Burning Soldier's gameplay isn't spectacular but nifty full-motion video backgrounds sweeten the deal. The boring early stages are set in deep space, but once you return to earth, you'll be careening through desert valleys and whipping around the skyscrapers of Tokyo. The eye candy is rich, and I looked forward to seeing what each new stage had in store. Complementing the shooting action is an upbeat, synthesized soundtrack that reminded me of Sonic Adventure (Dreamcast, 1999). Burning Soldier has frequent cut-scenes which cannot be skipped, but they are mercifully brief. The game offers endless continues, but you'll need to turn on the "score" option if you want some way to gauge your progress. Easy on the eyes and easy to play, Burning Soldier is one bargain bin title that's worthy of a spot in any 3DO collection. © Copyright 2007 The Video Game Critic.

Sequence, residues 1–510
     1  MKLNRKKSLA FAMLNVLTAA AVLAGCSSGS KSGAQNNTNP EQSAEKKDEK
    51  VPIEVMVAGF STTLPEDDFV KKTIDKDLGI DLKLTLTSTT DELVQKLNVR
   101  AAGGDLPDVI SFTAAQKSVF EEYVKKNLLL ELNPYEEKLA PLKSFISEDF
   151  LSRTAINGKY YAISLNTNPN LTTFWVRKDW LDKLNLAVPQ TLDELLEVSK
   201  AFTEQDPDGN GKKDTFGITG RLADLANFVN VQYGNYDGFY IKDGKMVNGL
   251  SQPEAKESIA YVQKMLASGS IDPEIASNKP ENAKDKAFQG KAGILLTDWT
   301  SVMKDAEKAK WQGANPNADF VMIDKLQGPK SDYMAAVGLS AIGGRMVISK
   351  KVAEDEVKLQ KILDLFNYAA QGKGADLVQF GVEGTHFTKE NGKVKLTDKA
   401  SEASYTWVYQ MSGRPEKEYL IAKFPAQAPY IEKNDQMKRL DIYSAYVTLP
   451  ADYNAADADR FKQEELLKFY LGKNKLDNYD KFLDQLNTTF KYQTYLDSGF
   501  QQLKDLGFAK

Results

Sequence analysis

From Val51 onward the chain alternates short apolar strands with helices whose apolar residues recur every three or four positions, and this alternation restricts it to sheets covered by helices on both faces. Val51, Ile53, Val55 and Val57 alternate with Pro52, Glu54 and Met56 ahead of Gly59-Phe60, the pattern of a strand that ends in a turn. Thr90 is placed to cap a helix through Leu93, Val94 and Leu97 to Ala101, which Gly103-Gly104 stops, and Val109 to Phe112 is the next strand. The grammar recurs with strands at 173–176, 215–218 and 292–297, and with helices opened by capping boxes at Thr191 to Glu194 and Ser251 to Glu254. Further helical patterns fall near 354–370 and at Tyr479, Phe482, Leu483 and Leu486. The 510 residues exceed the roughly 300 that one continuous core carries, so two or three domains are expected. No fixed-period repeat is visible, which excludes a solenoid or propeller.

Despite its quirks, Casper is certainly more enjoyable than most of the 3DO titles I've inflicted upon myself. I will admit that the premise is somewhat disturbing. Casper is actually a dead kid trying to resurrect himself! And while the cartoon version of the Casper character looked "friendly" enough, this 3D incarnation looks somewhat creepy. Still, Interplay infused the subject matter with enough with whimsical style and good-natured humor to make it palatable to most gamers (including kids). Gameplay involves exploring a huge mansion, collecting items, pigging out on food, assembling jigsaw puzzles, and avoiding unfriendly ghosts. As it turns out, ghosts love to eat broccoli and tuna fish sandwiches! Who knew?